by Nadira Kharmai
When it comes to talking about the LGBT community, we often overlook the “T.” Is it because we’re not as familiar with the “T” as we are with the lesbian, gay, and bisexual part of it? Is our unfamiliarity or lack of education on transgender people perpetuating the phobia against them? Grand Rapids native Jena thinks so. Jena, who transitioned from male to female, said “It seems so ludicrous to judge a person by less than a tenth of what they are.” (She’s talking about what’s between your legs!) Although her and her partner haven’t endured harassment in public, she’s experienced discrimination in the workforce. Jena believes that during her time of transition, the protection against sexual harassment that once was present at her former workplace became absent under new management. Unfortunately, she’s not alone. “90% of transgender people have dealt with some form of harassment or mistreatment on the job,” according to a survey released by the National Center for Transgender Equality and the National Gay and Lesbian Task Force in 2011. Jena is working on creating a survey to learn more about transgender discrimination in West Michigan through the organization she co-founded; Transgender Education Collaboration.
Aside from looking “different” (again,“different” is subjective and often created by society) post-transition, transgender people almost always carry a new name, which can sometimes turn into even more discrimination in the workforce. “I know people who’ve applied for jobs as a male, and when it came time to show the potential employer their identification card and it was still under a female identity, they quickly got the boot,” Jena said. As she recounted her friends’ sad stories filled with blatant ignorance, it was clear: Being yourself in a time where equality doesn’t prevail can be difficult. “Going through transition is already scary enough, and to have discrimination or bullying added to it makes it feel very isolating.”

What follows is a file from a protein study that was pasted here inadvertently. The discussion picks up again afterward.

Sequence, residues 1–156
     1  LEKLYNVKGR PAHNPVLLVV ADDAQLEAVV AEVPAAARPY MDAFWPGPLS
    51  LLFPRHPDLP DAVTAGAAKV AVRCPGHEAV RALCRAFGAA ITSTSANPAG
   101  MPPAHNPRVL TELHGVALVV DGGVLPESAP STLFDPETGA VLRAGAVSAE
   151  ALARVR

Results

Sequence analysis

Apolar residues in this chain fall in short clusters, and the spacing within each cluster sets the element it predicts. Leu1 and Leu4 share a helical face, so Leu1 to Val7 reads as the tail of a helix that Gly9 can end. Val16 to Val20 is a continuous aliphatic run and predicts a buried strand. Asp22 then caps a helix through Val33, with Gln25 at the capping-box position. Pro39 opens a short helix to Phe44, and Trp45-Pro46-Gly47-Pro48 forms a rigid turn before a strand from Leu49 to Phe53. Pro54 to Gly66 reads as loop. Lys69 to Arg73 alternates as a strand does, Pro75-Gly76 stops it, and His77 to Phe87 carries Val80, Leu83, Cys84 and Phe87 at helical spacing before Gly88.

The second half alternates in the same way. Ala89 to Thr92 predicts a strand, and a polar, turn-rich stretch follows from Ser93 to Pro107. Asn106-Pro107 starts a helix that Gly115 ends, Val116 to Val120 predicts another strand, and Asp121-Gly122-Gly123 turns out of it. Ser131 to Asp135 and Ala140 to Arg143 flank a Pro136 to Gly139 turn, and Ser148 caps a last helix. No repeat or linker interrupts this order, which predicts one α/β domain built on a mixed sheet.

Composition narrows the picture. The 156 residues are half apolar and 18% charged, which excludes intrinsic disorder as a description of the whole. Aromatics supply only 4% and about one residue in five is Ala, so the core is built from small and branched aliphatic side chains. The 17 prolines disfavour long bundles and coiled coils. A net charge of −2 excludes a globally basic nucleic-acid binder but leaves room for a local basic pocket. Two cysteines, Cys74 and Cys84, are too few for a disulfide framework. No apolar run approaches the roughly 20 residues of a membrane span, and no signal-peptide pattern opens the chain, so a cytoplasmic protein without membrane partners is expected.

Now, you may be wondering “Well, don’t they (transgender people) want others to know they’re different? That’s not the case at all. “Being transgendered isn’t the same thing as being a drag queen. We’re not trying to get on RuPaul’s Drag Race,” Jena said. (That’s a popular reality TV show on the cable network “Logo”.) Contrary to what most people believe, transgender people want to blend in with the rest of the world. During the transitional period when someone is in the early stages of becoming who they see themselves as, it can be hard to blend in and look like the typical society-defined man or woman, Jena added. When the appearance of a transman or transwoman challenges what our culture says is acceptable, the amount of harassment can grow significantly.
“I’ve had female-to-male clients who have been gang raped or raped by guys trying to punish them,” said Dr. Matthew Clark, clinical psychologist and founder of The Clark Institute. This shocking form of sexual abuse is widespread among college campuses, “particularly those who don’t have a strong LGBT presence.” On the Grand Valley State University and Grand Rapids Community College campuses, the reports are scarce due to the active resources provided by LGBT centers. “I think there’s still a predatory nature with sexuality on college campus with some men. A handful of them still use their penis as a weapon in situations where they feel their sexuality or manhood is being challenged,” Clark said.
The list of harassment and abuse could go on, but not all of Dr. Clark’s stories are negative. The well-known psychologist has some parents come in; fully accepting and wanting to learn how to be more supportive for their teen who just came out as transgender. Although the topic of transphobia may be foreign to some, it’s key to educate yourself on the issues that many people in your own very backyard may face. Dr. Clark said it best: “I think what’s key is that in life we just accept people for who they are. We listen to them, and ask questions for understanding.” Between Websites like TransEquality.org, Facebook support pages, and education resource centers like West Michigan Pride and Transgender Education Collaboration, there are plenty of options to educate yourself and get involved in LGBT advocacy.
Let’s not overlook the “T” anymore.
Nadira Kharmai owns and operates Empress Productions; a production company that specializes in social media video. Kharmai is also a lifestyle model with the Matthew Agency. She loves the great outdoors, playing with her puppy, and spending time with family.